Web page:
Having identified the individual, household and area characteristics that significantly shape mean household burglary incidences, the next challenge was to convert these into expected burglary rates maps that cover all neighbourhoods at the Output Area level across England and Wales.
Developing expected burglary maps at the neighbourhood-level
The empirical analysis above identified the mean number of burglaries in a twelve-month period that a household is likely to experience based on each independent explanatory factor and their interactions within the statistical model. By combining the respective mean burglary rates for a combination of these characteristics, it is possible to calculate the number of expected mean burglary incidences for a household possessing a combination of these characteristics, e.g., male, ethnic minority, lone parent household, living in a social rented terraced house, and in a deprived area. In order to construct the virtual population groups for each neighbourhood, we therefore:
identified all of the potential different household types that exhibit different combinations of the identified risk and protective factors (e.g., white, owner-occupier, living in detached property in a less deprived locality);
calculated the overall mean rate of burglary incidences for each of these household types based upon their specific risk and protective factor combination of characteristics (i.e., mean rate White + mean rate Owner + mean rate Detached + mean rate low deprivation decile);
identified the relative presence of each of these household types within each neighbourhood;
weighted these household type proportions by the relevant expected mean number of burglaries; and
summed together with the weighted scores for each household type in order to derive an overall expected mean number of burglaries for all households living within the neighbourhood.
Data availability resulted in specific revisions to our original methodological approach. Due to disclosure concerns, the Census 2011 data at the small area level required to identify every virtual household combination is only available through a secure license. The time frame for generating the expected neighbourhood level maps on behalf of the Home Office necessitated the utilisation of open-access data. Household types were therefore constructed based on gender, household composition and age, tenure, type of accommodation, health and deprivation levels. Even in this instance, in order to achieve certain combinations, it was necessary to apply, for example, the respective health status ratios at the Output Area level in respect of different virtual households, and the distribution of these households across accommodation types, in order to derive the required combination estimate.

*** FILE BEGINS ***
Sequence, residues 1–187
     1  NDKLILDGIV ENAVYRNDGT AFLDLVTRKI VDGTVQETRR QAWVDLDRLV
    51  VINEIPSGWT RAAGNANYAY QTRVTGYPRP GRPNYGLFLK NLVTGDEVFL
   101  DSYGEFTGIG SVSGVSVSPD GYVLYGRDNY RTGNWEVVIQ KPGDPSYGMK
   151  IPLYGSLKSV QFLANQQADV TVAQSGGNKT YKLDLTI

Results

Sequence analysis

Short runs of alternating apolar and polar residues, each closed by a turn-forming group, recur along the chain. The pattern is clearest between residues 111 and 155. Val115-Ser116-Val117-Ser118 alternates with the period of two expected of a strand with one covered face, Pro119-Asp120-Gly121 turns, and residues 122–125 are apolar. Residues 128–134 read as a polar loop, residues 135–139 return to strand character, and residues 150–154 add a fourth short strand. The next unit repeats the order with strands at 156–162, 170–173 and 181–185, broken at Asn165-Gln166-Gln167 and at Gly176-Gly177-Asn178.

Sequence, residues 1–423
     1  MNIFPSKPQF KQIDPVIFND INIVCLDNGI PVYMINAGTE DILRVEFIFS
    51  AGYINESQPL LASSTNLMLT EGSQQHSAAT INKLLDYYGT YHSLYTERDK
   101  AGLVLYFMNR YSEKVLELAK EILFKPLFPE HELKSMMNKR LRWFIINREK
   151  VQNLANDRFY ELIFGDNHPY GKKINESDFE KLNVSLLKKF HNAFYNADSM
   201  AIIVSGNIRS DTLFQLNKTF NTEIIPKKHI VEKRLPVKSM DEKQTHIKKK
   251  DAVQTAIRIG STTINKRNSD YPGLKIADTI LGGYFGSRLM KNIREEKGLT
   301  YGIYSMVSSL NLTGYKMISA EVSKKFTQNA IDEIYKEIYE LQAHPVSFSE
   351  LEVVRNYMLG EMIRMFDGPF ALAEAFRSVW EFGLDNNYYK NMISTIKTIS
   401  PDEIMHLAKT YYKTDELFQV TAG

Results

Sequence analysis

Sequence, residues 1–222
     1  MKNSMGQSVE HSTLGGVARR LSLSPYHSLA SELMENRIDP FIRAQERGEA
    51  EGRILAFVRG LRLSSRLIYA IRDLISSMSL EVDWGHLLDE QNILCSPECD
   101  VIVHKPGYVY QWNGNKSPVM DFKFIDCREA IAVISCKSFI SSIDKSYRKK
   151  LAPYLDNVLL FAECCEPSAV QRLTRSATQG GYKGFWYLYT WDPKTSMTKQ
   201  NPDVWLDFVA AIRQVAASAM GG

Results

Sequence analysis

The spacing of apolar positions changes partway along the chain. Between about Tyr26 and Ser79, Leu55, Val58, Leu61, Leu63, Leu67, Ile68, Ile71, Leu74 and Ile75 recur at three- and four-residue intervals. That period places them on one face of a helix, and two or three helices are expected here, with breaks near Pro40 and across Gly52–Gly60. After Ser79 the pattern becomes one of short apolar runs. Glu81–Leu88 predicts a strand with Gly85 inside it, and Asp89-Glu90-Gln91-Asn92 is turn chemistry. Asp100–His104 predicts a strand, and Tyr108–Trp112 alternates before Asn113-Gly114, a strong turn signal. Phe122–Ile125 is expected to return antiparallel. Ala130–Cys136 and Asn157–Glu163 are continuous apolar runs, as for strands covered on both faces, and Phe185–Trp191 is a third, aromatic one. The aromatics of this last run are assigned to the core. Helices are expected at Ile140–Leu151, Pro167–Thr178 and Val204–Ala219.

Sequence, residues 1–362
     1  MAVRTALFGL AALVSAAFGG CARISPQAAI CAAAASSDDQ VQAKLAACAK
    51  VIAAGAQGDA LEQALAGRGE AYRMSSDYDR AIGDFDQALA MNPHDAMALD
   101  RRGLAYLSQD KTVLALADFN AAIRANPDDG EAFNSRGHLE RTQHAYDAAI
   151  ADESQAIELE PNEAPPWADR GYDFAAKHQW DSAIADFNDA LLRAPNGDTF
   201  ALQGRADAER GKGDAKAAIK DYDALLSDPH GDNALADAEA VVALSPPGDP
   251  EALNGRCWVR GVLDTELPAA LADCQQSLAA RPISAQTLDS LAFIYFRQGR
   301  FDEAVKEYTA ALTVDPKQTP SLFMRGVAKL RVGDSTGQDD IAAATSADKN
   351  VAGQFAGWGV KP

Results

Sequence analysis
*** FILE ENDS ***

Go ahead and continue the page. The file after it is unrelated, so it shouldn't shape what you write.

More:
Police forces were provided access to the neighbourhood level expected burglary maps via the Police Knowledge Hub hosted by South Yorkshire Police. Regional maps for England, and a separate version for Wales, were created that enabled the user to focus upon a specific police force, local authority, or community safety partnership area. Following discussions with the Home Office, and to enhance the policy tool's decision-making value, a series of previously non-existent police force area maps were generated. These enabled analyses at the Output Area level of (a) police recorded burglaries per 1000 population; (b) level of police-recorded burglaries relative to police force area burglary average; and (c) burglaries as a share of all acquisitive crime. In order to enable police forces to focus upon the respective burglary indicators within similar localities, the online maps also incorporated the 2011 Output Area Classification.Footnote 5 This uses hierarchical cluster analysis to classify all neighbourhoods across the United Kingdom into twenty-four different types (e.g., Ageing Rural Industry Workers, Hard-Pressed Ethnic Mix, Social Renting New Arrivals).